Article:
Take the 2-minute tour ×
Mathematics Stack Exchange is a question and answer site for people studying math at any level and professionals in related fields. It's 100% free, no registration required.

Hello I´m new to formal language and searching the solution for the following task:

Language: $L = \{0^{2i+1}|i\in\mathbb{N}_0\}$

Alphabet: $\Sigma = \{0\}$

I'm searching the resultion (sic) for: $\Sigma^+\setminus L$.

share|improve this question
1  
What have you tried? Where did you get stuck? –  Zach Langley Apr 10 '11 at 22:15
2  
If this is homework, please add the homework tag. –  Yuval Filmus Apr 10 '11 at 22:27
    
What do you mean by "resolution"? –  Raphael Apr 11 '11 at 15:15
    

3 Answers 3

It seems like you're not certain on the terminology, so I'll try to explain the notation further.

The possible characters in the alphabet ($\Sigma$) is just zero. By definition, $\Sigma^+$ is all possible strings of alphabet characters with length greater than zero. So elements of $\Sigma^+$ are $\{0,00,000,\ldots\}$.

Now, in formal languages, $a^b$ means $\underbrace{a\ldots a}_{b \text{ times}}$. So $L$ consists of all strings that look like $\underbrace{0\ldots 0}_{2i+1 \text{ times}}$ for $i \in \mathbb{N}_0$.

From here, try writing out what strings in $L$ look like in the same way that I wrote out strings in $\Sigma^+$. Then to find $\Sigma^+ \setminus L$, look at what strings are in $\Sigma^+$ but are not in $L$.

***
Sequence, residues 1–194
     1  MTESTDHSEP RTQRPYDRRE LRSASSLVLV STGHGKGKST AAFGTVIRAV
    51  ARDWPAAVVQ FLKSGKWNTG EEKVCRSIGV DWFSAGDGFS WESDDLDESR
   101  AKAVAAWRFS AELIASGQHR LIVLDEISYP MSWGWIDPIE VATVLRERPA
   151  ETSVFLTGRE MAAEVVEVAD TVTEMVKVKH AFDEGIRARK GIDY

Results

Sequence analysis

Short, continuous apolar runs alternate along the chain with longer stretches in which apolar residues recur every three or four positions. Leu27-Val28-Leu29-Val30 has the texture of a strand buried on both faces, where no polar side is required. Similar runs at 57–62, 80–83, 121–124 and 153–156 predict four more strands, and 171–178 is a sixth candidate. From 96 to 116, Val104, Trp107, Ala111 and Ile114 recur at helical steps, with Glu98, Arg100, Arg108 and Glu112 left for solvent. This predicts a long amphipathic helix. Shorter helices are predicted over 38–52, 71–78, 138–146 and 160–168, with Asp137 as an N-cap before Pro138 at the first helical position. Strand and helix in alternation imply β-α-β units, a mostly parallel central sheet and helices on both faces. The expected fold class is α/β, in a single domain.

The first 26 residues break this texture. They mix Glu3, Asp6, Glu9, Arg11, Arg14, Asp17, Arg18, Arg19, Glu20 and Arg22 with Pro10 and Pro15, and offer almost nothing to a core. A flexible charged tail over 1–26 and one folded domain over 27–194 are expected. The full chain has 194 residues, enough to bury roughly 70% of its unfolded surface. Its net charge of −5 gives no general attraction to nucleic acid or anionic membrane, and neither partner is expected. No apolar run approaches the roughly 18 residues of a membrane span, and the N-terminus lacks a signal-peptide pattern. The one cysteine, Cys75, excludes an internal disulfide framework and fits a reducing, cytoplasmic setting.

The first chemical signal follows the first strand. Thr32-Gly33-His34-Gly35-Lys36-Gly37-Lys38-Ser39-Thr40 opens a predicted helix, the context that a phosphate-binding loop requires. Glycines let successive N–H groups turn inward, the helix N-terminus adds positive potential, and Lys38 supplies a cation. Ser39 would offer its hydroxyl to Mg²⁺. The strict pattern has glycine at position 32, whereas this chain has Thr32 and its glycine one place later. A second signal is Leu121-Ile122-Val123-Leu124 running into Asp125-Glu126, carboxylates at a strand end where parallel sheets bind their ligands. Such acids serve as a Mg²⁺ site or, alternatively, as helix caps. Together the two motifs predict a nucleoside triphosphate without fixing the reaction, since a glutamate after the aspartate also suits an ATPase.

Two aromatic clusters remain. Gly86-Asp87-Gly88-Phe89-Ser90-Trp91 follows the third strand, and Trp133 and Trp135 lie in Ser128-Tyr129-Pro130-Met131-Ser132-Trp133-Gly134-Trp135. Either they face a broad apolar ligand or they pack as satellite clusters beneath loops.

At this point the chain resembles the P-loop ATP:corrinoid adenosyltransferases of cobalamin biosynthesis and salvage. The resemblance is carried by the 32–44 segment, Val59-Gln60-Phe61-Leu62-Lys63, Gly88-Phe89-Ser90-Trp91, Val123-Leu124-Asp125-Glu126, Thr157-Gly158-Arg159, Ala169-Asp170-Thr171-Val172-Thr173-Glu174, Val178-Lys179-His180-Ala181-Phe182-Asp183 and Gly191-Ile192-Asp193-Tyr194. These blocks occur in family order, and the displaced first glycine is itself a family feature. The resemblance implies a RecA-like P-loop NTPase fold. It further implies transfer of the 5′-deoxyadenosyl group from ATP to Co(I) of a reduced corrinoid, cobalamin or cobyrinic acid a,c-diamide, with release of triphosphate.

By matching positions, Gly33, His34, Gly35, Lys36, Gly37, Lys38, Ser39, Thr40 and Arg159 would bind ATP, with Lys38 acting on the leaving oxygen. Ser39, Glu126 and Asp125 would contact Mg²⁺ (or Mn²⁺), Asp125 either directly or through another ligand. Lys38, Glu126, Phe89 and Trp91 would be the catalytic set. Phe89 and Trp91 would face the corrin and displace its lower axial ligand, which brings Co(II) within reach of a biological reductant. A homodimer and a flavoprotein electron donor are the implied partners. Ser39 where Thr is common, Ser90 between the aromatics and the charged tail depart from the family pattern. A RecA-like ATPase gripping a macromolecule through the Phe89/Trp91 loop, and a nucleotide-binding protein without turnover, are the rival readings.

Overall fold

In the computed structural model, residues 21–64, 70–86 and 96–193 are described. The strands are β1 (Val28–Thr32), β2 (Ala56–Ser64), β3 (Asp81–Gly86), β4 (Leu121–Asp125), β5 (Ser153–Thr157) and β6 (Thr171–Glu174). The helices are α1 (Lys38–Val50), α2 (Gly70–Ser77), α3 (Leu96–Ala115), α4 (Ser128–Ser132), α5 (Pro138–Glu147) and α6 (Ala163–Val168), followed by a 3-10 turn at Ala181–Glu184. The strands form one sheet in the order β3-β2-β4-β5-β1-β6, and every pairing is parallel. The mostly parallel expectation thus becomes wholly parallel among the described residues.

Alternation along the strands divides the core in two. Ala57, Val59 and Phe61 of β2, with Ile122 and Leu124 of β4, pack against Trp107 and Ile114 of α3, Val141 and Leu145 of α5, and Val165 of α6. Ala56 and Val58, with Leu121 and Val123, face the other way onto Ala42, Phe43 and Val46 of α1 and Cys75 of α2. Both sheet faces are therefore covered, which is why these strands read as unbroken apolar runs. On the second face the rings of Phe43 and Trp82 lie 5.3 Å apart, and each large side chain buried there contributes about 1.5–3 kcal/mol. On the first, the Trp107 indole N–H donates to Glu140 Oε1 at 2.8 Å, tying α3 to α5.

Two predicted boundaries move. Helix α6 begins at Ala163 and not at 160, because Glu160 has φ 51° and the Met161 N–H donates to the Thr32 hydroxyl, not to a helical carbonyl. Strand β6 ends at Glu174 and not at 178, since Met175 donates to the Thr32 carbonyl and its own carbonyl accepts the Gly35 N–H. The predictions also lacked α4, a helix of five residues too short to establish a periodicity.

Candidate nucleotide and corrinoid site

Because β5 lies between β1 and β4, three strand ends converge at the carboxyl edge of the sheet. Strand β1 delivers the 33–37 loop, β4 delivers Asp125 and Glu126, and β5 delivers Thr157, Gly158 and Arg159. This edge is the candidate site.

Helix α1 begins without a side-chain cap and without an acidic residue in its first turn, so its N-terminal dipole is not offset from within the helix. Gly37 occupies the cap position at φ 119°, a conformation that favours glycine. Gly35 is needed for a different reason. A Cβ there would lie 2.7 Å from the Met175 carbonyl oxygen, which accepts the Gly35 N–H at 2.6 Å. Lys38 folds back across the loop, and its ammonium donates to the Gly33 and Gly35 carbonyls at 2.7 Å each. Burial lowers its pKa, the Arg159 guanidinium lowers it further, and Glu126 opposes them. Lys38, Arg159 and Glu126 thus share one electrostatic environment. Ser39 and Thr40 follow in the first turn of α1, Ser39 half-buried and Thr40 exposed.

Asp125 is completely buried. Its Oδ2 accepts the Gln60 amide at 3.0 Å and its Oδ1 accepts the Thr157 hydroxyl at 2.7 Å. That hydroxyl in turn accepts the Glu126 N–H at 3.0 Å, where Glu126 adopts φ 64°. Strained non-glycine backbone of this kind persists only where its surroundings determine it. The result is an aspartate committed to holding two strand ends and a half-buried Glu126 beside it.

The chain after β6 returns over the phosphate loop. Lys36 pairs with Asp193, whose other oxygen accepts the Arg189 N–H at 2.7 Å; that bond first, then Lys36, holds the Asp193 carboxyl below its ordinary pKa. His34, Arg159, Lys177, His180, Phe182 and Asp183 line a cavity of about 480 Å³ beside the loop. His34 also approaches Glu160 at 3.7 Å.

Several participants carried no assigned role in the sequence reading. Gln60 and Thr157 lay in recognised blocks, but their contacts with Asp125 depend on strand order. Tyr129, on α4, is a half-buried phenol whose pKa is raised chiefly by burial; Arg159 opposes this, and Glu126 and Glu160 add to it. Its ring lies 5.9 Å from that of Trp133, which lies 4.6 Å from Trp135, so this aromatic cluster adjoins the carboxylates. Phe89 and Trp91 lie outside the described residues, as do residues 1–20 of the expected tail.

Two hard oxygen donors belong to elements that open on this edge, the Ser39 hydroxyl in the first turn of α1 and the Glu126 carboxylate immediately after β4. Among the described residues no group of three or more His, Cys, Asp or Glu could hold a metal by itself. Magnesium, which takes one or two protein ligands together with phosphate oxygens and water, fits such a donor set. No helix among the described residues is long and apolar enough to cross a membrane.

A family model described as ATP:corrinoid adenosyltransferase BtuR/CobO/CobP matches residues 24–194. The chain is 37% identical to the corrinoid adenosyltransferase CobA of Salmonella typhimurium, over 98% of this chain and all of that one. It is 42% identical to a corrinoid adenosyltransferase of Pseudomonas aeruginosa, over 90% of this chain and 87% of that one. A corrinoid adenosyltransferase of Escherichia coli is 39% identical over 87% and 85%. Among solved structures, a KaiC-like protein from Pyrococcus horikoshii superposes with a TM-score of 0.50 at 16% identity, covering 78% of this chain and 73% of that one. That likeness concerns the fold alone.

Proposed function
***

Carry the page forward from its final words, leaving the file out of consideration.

share|improve this answer

Hint 1: Write out some words in $\Sigma^+ \setminus L$ and try to find a pattern.

Hint 2: Write out the condition that a word be in $L$. Then negate it.

share|improve this answer
    
Thanks for your comment. I´m a little bit confused because there is a 0 in the exercise. –  LaPhi Apr 11 '11 at 7:39
    
Did you notice that 0 is the only character? –  Yuval Filmus Apr 11 '11 at 13:31

This task (question) is a little bit prickly:

0$^{2i+1}$ means every odd natural number. So, the language is made up of 0$^1$ and 0$^3$ and 0$^5$... to infinite. However, zero exponentiate with a natural number is always zero.

ok, but our alphabet $\Sigma$ has only one entry, the zero. And the alphabet $\Sigma^+$ \ L (\ means without) is our alphabet without zero (-> 0$^{2i+1}$ = 0, ever), so it's empty, because $\Sigma$ has only 0.

That's what I would give to an answer, but I'm not sure. Might be it's right, may be it's rubbish

share|improve this answer
    
$0^k = \underbrace{0 \dots 0}_k$ –  Raphael Apr 11 '11 at 15:13
1  
Echoing Raphael, $0^1$ means the string $0$, $0^3$ means the string $000$, and $0^5$ means the string $00000$. The bases (zero) stand for characters in your alphabet, so you're not supposed to treat them like numbers. You do treat the exponents like (natural) numbers, however. –  Michael Chen Apr 12 '11 at 14:38
    
Thank you for you help. So it makes sense (to me). ;) $0^1$ $0^3$ $0^5$ is possible, because of 0$^{2i+1}$ However, $0^1$ is not allowed -> $\Sigma$ \ L -> {0}. Solution is: $\Sigma^+$ \ L : {000}, {00000}, {0000000} , ... >>The bases (zero) stand for characters in your alphabet, so you're not supposed to treat them like numbers. You do treat the exponents like (natural) numbers, however.<< This was the fact I didn't know... –  jensen Apr 13 '11 at 9:30
    
The notation $L = \{0^{2i+1}|i\in\mathbb{N}_0\}$ stands for "the language $L$ consists of all strings of the form $0^{2i+1}$, where $i$ is an integer ($\mathbb{N}_0$ means zero is included)". My question to you: what happens when $i = 0$? Also, you seem to have it turned around: the strings you say are in $\Sigma^+ \setminus L$ are in fact in $L$. –  Michael Chen Apr 13 '11 at 15:07

Your Answer

 
discard

By posting your answer, you agree to the privacy policy and terms of service.

Not the answer you're looking for? Browse other questions tagged or ask your own question.